Beaujolais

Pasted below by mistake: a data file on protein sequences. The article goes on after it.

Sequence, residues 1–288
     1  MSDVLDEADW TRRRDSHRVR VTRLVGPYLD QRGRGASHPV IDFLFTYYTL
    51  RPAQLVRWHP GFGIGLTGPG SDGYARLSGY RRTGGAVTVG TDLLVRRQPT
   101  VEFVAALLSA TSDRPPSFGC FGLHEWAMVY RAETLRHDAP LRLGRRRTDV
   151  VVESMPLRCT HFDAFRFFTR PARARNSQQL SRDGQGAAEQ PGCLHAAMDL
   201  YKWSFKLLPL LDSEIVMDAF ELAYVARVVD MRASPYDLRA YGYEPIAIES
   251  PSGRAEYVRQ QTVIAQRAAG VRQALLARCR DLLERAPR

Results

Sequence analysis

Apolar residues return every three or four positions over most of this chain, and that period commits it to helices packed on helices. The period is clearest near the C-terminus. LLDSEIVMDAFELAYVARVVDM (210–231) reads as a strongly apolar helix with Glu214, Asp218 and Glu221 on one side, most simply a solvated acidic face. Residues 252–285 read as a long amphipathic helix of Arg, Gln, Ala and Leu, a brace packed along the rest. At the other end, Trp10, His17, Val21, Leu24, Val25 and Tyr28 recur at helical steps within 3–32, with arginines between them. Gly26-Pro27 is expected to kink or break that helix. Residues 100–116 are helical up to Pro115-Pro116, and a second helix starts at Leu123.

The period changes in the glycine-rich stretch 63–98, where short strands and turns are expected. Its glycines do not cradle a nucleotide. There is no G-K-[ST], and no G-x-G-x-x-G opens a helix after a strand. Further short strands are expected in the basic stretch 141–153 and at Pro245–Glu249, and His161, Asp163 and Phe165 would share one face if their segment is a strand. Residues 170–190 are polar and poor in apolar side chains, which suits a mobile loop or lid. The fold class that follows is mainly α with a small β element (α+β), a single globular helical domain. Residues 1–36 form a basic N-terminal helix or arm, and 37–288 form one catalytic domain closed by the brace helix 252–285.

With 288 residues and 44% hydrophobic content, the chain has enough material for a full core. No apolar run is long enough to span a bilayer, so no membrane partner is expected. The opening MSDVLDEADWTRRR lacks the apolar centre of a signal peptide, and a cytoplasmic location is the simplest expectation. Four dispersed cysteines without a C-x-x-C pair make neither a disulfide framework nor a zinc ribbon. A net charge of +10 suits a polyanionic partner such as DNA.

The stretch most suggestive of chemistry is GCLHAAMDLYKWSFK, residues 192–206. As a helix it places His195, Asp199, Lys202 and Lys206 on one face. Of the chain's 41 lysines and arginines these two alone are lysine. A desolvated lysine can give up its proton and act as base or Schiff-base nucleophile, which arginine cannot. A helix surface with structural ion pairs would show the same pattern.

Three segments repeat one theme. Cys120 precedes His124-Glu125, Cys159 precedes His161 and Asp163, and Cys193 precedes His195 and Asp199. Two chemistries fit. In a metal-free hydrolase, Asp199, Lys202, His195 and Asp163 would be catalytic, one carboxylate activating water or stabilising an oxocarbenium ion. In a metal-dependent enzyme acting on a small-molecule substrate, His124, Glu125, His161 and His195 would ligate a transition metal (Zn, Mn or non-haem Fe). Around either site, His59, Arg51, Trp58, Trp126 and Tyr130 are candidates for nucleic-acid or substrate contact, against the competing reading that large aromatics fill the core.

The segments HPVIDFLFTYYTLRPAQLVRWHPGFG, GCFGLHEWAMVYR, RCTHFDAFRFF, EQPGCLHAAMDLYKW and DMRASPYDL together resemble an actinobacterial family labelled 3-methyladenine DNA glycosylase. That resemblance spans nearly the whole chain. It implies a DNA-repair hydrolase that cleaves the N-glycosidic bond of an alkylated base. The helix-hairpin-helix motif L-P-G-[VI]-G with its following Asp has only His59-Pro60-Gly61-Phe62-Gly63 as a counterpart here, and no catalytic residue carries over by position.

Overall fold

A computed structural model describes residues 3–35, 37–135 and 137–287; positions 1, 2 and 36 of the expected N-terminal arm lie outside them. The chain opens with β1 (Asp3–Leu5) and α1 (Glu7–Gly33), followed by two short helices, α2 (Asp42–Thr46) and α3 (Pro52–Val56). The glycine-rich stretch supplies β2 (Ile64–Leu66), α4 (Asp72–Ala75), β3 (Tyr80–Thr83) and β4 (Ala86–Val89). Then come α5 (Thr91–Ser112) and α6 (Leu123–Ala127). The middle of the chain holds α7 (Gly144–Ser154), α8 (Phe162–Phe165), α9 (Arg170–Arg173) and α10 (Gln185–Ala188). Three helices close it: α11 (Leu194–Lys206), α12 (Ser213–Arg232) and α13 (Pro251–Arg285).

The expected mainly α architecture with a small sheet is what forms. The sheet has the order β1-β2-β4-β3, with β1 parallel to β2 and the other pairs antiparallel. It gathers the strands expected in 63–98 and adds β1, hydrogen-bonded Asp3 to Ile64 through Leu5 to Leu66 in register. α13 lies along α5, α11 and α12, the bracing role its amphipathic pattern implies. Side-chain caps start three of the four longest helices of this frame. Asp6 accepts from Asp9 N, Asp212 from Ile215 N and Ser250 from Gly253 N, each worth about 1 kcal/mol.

Beaujolais is neatly wedged between Burgundy and the Rhone. It has often been overlooked in the wine world, generally overshadowed by it's illustrious neighbours. Made famous thanks to the notorious Beaujolais Noveau rally in the latter part of the 20th century. The intricacies of its Crus and many superb producers have remained mostly unnoticed. Exiled from Burgundy in the 1300s the main grape is Gamay, which is a bolder more fruity alternative to Pinot Noir. Baron Phillipe the Bold exiled the grape in favour of Pinot Noir due to it's harshness even though it was much easier to grow at that time. In the time since, producers have been able to reduce and almost remove any harshness, thanks to a process called Carbonic Maceration. In this process the Gamay grapes are fermented before they are pressed to minimise extraction of tannins. Thanks to this Beaujolais produces lighter styles of red wine that are great for food pairing and lovely on a hot day. With the majority of Beaujolais wines you will get notes of Kirsch and sweet red berries.